PARK CITY, Utah — Many community members were enjoying a nice summer day in Pinebrook Park this past Sunday when a large bull moose came out of the bushes and entered the Park Area.
Scott with Park City Best City was spending time at the park playing with his dog when the moose made its appearance. He captured this footage just after yelling to the park that the moose was there, and making its way towards several people.
The eyewitness said most people at the park were in shock and not sure what to do with the large bull moose walking towards them. At one point the animal came within 20 feet of a solo male park goer on his phone, before changing its attention to a white dog and a man.
The moose charged at the dog and then cornered the man behind a tree while making some aggressive charges and then existing the park. Fortunately, no one was injured in this encounter. However, we all need to remember that living in the mountains comes with the responsibility of being wildlife aware.
A similar encounter took place at Pinebrook Park in 2021, when a moose charged at a teenager.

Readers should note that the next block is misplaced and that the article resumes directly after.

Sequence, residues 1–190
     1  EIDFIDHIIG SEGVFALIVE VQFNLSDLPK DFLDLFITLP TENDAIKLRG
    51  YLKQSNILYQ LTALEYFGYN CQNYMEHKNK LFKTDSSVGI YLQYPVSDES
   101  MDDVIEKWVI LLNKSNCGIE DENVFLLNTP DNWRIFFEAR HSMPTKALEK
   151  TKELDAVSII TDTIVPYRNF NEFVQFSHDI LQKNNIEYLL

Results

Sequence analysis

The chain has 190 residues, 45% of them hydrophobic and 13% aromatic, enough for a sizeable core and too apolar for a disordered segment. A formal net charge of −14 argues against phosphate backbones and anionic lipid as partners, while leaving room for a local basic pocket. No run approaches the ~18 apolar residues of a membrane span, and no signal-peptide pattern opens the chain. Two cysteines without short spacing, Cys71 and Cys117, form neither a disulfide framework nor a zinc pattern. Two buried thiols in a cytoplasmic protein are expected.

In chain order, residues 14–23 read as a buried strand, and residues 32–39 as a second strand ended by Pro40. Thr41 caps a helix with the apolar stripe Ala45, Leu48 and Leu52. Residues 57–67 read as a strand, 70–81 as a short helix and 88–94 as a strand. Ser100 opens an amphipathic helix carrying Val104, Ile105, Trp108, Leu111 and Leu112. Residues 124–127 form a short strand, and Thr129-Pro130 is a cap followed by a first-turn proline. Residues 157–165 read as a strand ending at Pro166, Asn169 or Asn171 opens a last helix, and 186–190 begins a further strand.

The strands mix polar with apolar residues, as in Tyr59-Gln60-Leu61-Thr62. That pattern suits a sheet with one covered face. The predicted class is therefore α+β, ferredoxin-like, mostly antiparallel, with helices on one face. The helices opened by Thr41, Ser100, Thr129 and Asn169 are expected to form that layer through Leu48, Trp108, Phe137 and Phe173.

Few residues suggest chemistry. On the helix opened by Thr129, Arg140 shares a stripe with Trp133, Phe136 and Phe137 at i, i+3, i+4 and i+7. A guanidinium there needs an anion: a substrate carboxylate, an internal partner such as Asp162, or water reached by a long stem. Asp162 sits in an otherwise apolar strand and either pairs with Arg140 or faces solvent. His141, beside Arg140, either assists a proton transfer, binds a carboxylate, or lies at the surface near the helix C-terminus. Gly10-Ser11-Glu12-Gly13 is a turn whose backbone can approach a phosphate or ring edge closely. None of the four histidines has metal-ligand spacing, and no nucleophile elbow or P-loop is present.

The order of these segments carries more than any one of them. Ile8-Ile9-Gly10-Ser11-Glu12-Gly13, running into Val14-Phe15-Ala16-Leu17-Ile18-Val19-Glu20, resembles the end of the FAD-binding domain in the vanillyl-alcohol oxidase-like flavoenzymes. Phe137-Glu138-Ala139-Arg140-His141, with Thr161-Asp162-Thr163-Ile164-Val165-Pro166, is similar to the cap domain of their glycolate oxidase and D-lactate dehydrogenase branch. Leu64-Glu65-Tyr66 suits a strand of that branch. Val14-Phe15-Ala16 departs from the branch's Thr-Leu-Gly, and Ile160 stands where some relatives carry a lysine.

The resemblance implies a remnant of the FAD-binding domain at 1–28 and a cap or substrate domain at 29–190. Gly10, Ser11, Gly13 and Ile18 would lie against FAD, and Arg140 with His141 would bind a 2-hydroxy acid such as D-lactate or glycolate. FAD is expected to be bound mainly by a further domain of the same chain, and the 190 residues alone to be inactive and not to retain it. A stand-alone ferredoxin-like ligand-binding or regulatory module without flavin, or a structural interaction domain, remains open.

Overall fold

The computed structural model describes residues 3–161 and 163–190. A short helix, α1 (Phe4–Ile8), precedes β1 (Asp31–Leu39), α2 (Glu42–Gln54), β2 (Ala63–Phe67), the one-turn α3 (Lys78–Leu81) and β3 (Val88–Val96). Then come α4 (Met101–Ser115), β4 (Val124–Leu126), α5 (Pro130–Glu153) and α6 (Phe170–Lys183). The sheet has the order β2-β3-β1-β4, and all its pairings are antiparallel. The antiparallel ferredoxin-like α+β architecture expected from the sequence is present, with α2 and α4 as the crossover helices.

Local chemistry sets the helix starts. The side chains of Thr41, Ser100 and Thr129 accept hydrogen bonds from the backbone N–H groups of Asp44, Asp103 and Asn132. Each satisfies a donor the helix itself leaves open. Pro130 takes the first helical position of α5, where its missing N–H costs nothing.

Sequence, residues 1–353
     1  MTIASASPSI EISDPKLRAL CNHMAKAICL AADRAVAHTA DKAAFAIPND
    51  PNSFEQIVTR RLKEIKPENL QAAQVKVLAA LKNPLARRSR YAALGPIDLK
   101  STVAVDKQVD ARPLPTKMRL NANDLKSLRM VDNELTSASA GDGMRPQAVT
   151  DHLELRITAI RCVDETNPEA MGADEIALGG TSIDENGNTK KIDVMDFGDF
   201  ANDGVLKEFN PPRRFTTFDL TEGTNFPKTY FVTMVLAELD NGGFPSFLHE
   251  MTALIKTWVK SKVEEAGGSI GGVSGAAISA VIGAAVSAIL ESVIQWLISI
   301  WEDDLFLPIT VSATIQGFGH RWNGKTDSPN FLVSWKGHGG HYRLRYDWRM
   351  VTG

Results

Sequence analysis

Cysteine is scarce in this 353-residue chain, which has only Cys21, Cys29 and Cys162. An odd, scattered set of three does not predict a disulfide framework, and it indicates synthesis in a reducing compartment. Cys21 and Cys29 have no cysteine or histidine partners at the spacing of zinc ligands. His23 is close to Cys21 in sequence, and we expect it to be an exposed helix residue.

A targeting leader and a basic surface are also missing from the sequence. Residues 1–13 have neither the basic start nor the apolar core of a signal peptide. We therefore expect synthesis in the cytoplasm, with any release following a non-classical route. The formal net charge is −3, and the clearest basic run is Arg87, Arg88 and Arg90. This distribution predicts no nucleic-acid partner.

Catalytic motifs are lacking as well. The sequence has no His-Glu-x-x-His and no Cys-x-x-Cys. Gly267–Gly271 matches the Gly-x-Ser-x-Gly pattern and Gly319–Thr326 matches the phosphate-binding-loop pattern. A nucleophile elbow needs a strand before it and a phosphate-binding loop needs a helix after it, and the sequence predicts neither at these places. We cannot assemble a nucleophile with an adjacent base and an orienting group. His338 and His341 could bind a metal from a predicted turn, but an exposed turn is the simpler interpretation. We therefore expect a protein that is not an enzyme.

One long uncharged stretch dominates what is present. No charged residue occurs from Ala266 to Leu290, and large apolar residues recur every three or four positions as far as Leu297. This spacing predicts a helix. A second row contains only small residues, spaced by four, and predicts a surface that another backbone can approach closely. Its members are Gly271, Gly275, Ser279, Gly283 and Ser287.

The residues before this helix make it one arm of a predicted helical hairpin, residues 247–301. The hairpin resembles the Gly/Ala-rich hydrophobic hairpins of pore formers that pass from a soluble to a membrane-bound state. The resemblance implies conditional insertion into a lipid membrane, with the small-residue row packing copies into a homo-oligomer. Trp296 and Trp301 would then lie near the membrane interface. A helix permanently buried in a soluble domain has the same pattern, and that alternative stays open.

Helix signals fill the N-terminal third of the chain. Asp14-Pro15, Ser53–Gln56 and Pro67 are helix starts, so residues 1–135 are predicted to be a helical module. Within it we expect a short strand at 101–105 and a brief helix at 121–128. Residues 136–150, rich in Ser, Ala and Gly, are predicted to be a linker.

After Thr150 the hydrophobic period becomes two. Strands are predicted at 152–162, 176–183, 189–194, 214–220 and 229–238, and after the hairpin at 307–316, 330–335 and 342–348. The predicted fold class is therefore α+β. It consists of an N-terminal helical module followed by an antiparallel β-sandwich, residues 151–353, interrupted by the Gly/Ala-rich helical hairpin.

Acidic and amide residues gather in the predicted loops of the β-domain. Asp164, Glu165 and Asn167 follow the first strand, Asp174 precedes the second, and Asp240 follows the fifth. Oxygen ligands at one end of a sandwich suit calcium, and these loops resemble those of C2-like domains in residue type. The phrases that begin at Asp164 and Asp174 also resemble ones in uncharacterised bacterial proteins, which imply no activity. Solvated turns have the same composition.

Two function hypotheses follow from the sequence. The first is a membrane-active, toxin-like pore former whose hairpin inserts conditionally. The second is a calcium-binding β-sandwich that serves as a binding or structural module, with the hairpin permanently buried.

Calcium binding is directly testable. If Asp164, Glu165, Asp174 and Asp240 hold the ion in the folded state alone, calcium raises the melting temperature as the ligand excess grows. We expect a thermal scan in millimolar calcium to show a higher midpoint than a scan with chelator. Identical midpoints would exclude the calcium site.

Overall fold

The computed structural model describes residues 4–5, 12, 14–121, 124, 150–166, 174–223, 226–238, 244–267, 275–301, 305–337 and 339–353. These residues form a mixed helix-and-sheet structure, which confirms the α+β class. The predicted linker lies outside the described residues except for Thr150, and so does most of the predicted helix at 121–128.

“People should report a moose that has wandered into lower-elevation areas and is within city limits or heavily-populated areas, so we can relocate the animal,” Jolley said. “If moose aren’t relocated, they can stay in an area for a long time and potentially injure someone or damage property. Urban environments, which include fences and vehicles, can be unsafe for moose. People should avoid approaching moose or attempting to “herd” them out of yards or roads. Moose can be very aggressive, especially around dogs. “
Know moose behavior
A moose can run up to 35 miles per hour! They are active both day and night, but peak activity occurs near dawn and dusk. Some things to keep in mind:
- Cows with calves can be aggressive in the spring.
- Bull moose may be especially aggressive during the fall breeding season.
- Do not approach or feed a moose.
- Keep dogs leashed and under control at all times. Moose can be very aggressive around them. It is against Utah law to allow dogs to chase or harass wildlife.
Some physical warning signs that a moose may become aggressive include:
- Lowering their head
- Hair standing up on the neck
- Licking their snout
- Pinning their ears back
If you encounter a moose
- On a trail, give it a lot of space and watch its behavior.
- Back off if it exhibits any signs of aggression, such as the hair standing up on their neck, snout licking, or ears back.
- Stay calm. Do not run away. Talk, make your presence known and slowly back off in the direction you came.
- If it charges you or chases you, hide behind something solid, such as a tree.
- If it knocks you down, curl into a ball, protect your head and lie still until it retreats.